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History of the City walls

The City Walls are the main attraction of Old Town Dubrovnik with the complex system of forts, casemates, bastions, towers, and detached forts.

dubrovnik sunset view

The walls are the main reason why Dubrovnik is well known as the Pearl of the Adriatic.  The City of Dubrovnik is completely surrounded with defensive walls and forts, including the Old Port.  The walls run uninterrupted for 1940 meters (6365 feet) in length, encircling most of the City, and reach a maximum height of about 25 meters (83 feet). Like Rome is well known by Rome Colosseum, Walls of Dubrovnik are pretty much the same for Dubrovnik.   They were built through the history in times when there was a danger of foreign attacks over the City and the Dubrovnik Republic. The history goes back to the Middle Ages. In the 9th century, Saracens besieged the city for 15 months. The earliest settlement upon the islet of Laus was protected by walls. The City first spread over the uninhabited eastern part of the Laus islet. During the 9th and the 10th century, the eastern section was included within the defense walls.

The City was separated from the mainland by the sea channel which was filled with earth in the 11th century. In the 13th century, the whole city was enclosed with the walls. Dominican monastery became a part of the City wall complex in the 14th century. In the same time, there were built 15 square forts to increase the strength.

The design derives from the 14th century. The definitive shape was fixed in time between the fall of Constantinople in 1453. and the earthquake in 1667. That period is called the Golden Age of Dubrovnik.

The walls are protected at four points by strong forts, also by 2 round towers, 12 quadrilateral forts, 5 bastions, and 2 corner towers, while the scarp wall is flanked by one large and 9 small semicircular bastions. It has an irregular quadrilateral form. The Tower Minčeta is on the north, in the east the port is protected by the Fortress Revelin and there is a Fortress of Saint John in the southwest. The western entrance to the city is protected by Fortress Bokar. The western end of the city is protected by Fortress Lovrijenac

Dubrovnik’s City Walls have been well preserved and that is one of the reasons why Dubrovnik has been included in the World Heritage List from UNESCO since 1979.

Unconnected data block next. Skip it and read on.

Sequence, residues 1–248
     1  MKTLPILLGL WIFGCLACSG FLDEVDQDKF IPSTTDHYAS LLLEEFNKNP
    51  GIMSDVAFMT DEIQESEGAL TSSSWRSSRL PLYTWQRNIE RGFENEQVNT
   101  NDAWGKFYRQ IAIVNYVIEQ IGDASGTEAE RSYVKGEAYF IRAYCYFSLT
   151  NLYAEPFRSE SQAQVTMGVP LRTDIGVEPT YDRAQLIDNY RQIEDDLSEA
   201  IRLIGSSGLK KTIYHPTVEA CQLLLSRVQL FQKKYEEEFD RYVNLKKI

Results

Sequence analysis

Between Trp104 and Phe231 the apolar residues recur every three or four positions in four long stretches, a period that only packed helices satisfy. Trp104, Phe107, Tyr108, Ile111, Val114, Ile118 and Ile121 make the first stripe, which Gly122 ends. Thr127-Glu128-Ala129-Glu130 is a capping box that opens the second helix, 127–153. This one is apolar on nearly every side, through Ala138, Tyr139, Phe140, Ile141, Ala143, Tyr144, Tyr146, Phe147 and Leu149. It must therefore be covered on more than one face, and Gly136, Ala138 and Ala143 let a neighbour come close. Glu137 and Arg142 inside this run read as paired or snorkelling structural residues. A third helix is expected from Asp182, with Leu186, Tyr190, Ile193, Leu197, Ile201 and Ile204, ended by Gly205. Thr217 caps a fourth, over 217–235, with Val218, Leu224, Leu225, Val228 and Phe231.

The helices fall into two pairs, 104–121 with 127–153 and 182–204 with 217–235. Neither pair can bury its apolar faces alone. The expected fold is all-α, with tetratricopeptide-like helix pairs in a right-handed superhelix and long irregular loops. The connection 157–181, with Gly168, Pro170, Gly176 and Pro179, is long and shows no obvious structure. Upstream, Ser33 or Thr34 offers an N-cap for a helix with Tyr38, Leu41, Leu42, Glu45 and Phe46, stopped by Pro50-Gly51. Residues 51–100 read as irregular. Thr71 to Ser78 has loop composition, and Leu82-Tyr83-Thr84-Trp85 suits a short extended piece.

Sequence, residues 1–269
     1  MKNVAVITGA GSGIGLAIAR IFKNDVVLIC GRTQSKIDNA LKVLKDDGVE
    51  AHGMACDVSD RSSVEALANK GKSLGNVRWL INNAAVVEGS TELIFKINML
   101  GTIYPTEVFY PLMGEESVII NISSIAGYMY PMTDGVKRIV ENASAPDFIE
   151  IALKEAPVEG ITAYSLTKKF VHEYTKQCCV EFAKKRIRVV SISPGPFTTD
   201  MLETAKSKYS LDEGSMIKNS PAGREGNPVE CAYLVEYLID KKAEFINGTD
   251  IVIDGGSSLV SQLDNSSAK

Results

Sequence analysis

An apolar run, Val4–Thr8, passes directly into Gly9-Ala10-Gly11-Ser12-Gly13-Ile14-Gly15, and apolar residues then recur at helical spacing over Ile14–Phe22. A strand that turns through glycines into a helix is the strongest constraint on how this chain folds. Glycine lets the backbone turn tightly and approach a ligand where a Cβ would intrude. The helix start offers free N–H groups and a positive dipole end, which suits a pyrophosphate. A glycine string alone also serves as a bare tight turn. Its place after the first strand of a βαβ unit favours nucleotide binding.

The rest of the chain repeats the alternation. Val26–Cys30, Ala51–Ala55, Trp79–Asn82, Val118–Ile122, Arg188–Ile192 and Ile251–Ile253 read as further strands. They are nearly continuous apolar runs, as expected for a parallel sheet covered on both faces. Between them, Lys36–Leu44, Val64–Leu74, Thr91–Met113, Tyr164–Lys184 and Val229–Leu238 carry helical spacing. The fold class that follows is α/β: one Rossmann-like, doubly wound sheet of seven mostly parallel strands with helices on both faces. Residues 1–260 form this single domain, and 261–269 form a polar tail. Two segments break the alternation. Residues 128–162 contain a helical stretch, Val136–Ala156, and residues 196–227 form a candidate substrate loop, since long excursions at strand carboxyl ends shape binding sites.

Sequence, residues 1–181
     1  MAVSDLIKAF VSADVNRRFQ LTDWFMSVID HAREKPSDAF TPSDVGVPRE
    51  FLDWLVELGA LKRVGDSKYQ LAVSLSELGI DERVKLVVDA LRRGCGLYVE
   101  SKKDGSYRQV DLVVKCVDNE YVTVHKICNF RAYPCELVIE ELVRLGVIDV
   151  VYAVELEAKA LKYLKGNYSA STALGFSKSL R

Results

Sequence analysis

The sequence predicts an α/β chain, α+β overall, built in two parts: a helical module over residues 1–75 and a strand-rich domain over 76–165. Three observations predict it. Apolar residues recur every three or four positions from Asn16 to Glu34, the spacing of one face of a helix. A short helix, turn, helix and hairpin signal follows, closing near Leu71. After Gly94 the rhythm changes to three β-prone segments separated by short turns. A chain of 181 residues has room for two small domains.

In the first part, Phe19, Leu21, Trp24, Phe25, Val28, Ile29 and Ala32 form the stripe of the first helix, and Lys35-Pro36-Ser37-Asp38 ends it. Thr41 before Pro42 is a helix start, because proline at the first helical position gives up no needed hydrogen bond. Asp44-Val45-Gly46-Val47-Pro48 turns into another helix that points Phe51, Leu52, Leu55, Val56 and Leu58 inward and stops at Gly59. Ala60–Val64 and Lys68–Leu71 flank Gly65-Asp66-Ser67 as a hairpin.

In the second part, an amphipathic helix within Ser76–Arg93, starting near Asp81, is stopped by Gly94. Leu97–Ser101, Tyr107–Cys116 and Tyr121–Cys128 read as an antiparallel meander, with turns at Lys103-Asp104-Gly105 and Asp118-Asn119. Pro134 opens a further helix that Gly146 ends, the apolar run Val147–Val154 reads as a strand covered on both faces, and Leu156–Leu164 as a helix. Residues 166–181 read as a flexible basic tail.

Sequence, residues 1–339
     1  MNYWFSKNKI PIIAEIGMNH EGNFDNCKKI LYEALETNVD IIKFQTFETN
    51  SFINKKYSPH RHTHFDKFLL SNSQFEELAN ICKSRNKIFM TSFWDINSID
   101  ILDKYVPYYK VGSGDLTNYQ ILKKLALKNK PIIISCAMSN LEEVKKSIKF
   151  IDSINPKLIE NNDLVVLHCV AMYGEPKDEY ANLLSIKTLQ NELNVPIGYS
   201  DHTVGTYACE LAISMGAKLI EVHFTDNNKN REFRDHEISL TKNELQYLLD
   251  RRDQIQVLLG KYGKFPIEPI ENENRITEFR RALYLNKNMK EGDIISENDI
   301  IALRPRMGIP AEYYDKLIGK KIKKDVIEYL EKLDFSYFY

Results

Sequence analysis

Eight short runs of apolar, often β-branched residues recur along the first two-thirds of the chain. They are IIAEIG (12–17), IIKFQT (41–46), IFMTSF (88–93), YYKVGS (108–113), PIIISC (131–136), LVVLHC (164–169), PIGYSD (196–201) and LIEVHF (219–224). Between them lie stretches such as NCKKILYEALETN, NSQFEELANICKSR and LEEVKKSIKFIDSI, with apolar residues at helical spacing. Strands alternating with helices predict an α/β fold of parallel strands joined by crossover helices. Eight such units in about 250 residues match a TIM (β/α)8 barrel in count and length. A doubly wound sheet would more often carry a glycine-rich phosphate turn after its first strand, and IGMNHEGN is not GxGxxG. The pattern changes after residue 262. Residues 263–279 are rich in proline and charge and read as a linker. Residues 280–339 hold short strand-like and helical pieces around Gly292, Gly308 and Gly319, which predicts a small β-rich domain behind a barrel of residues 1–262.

city walls bokar

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History of the City gates

Walls of Dubrovnik were built in the 13th century. During the 15th century 15 towers were built as a part of the city walls, and some of them are preserved until today. There used to be four gates leading into The City of Dubrovnik: the Pile Gate, The Ploce Gate, the Peskarija Gate and the Ponta Gate. Buža Gate was opened in the northern part of the Walls in 1908 during the Austrian rule.

Ploče Gate

Ploče Gate is the main entrance to the Old Town from the eastern side which also has a bridge like Pile Gate. This gate (also known as Vrata od Ploca) was built in the 14th century.

The bridge was built according to the prototype of Pile Gate’s bridge by Ivan of Siena, but later it was demolished and after reparation, the wooden drawbridge had been inserted. Crossing this bridge you can come to the Revelin fortress and in the continuation, there is the main street of Dubrovnik City- Stradun. Ploce Gates has also Inner and Outer Gates.

The Inner Ploce Gate was built in Romanesque style and are really small. Above the gate stands a stone statue of the patron of Dubrovnik, St. Blaise, also in a Romanesque style. During the period of Austrian occupation at the end of the 19th century, the new, larger gates were opened next to these.

The Outer Ploce gate was built in 1450 by Simeone della Cava. In the 19th century, the gate was widened.

FUN FACT: Today, this is a gateway to the beaches and hotels at Ploce.

ploce gate
ponta gate

Ponta Gate

Ponta Gate (means “pier” in Croatian ) was designed by Juraj Dalmatinac and built by Paskoje Milicevic during the 15th century. This Gate leads to the Old Port of Dubrovnik Old Town. When you exit the Old Town by this gate, you will see the circular St. John Fort on the right side.

Buza Gate

If you go from Prijeko to Ruđer Bošković Street, you will come to Buza Gate. This street was named after the native house of Ruder Boskovic (Croatian astronomer, poet, and scientist from the 18th century). Buza Gate was opened in the city walls in 1908.

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